Since \(10^{999} = 2^{999}5^{999}\) and \(10^{998} = 2^{998}5^{998},\) all numbers of the form \(2^{m}5^{n}, 0 \le m,n \le 999\) where at least one of \(m,n\) equals \(999\) will divide \(10^{999}\) but not \(10^{998}.\)

So with \(m = 999\) we can have \(n\) taking on \(1000\) integer values from \(0\) to \(999.\) The same goes for \(n = 999\) with \(m\) taking on \(1000\) values, but to avoid double-counting we must remember to count \(m = n = 999\) only once, resulting in a total of \(1000 + 1000 - 1 = 1999\) positive divisors of \(10^{999}\) which do not divide \(10^{998}.\)
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Brian Charlesworth
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2 years ago

@Daniel Liu
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in above solution, sir has added 1000 and 1000. But I think that they should be multiply.
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Dev Sharma
·
2 years ago

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@Dev Sharma
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For this problem addition is the correct operation. Note that \(2^{999}5^{999}\) has \((999 + 1)(999 + 1) = 10^{6}\) positive divisors; perhaps that was what you were thinking about. :)
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Brian Charlesworth
·
2 years ago

We have that \((m,n)=(999,0), (999,1), \ldots (999,999), \ldots (1, 999), (0, 999)\) are solutions. To count this, we compute \(1000+1000-1=1999\).
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Daniel Liu
·
2 years ago

Hm, instead of constructively counting, I wonder if we can find a one to one correspondence.
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Alan Yan
·
2 years ago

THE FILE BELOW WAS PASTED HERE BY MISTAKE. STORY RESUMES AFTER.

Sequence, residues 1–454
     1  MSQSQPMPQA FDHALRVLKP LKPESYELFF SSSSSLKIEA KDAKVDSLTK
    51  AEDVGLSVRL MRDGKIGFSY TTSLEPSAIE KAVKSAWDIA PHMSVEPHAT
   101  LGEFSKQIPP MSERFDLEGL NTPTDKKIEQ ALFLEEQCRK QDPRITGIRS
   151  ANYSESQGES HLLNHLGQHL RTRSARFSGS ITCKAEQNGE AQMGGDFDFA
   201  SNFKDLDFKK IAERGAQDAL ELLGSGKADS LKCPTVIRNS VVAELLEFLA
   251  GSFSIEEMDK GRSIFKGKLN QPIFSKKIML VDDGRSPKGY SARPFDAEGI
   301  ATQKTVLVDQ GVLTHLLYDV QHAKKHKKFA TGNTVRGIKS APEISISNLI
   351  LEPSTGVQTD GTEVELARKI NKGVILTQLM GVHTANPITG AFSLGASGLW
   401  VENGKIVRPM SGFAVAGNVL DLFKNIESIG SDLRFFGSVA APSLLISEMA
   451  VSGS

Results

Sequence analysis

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@Alan Yan
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Come to think of it, it's probably easiest to just subtract the number of positive divisors of \(10^{998} = 2^{998}5^{998}\) from the number of positive divisors of \(10^{999} = 2^{999}5^{999}.\) This gives us an answer of

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TopNewestSince \(10^{999} = 2^{999}5^{999}\) and \(10^{998} = 2^{998}5^{998},\) all numbers of the form \(2^{m}5^{n}, 0 \le m,n \le 999\) where at least one of \(m,n\) equals \(999\) will divide \(10^{999}\) but not \(10^{998}.\)

So with \(m = 999\) we can have \(n\) taking on \(1000\) integer values from \(0\) to \(999.\) The same goes for \(n = 999\) with \(m\) taking on \(1000\) values, but to avoid double-counting we must remember to count \(m = n = 999\) only once, resulting in a total of \(1000 + 1000 - 1 = 1999\) positive divisors of \(10^{999}\) which do not divide \(10^{998}.\) – Brian Charlesworth · 2 years ago

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You are magician. – Dev Sharma · 2 years ago

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– Daniel Liu · 2 years ago

A Mathemagician :)Log in to reply

– Dev Sharma · 2 years ago

Sir, I have one doubt. I think we should have to multiply 1000 by 1000Log in to reply

– Daniel Liu · 2 years ago

In which place are you referring?Log in to reply

– Dev Sharma · 2 years ago

in above solution, sir has added 1000 and 1000. But I think that they should be multiply.Log in to reply

– Brian Charlesworth · 2 years ago

For this problem addition is the correct operation. Note that \(2^{999}5^{999}\) has \((999 + 1)(999 + 1) = 10^{6}\) positive divisors; perhaps that was what you were thinking about. :)Log in to reply

– Dev Sharma · 2 years ago

Thanks.Log in to reply

We have that \((m,n)=(999,0), (999,1), \ldots (999,999), \ldots (1, 999), (0, 999)\) are solutions. To count this, we compute \(1000+1000-1=1999\). – Daniel Liu · 2 years ago

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– Dev Sharma · 2 years ago

Thanks sirLog in to reply

– Brian Charlesworth · 2 years ago

Haha. You're welcome. :)Log in to reply

– Ishita .S · 2 years ago

your a mathemagicianLog in to reply

I think we should have to multiply 1000 by 1000 – Dev Sharma · 2 years ago

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1999 – Amenreet Singh Sodhi · 2 years ago

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Hm, instead of constructively counting, I wonder if we can find a one to one correspondence. – Alan Yan · 2 years ago

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\((999 + 1)(999 + 1) - (998 + 1)(998 + 1) = 1000^{2} - 999^{2} = (1000 - 999)(1000 + 999) = 1999.\)

A slightly more involved question would be to find the sum of these \(1999\) divisors. I get an answer of

\(225*10^{997} - 2^{997} - 5^{999}.\) – Brian Charlesworth · 2 years ago

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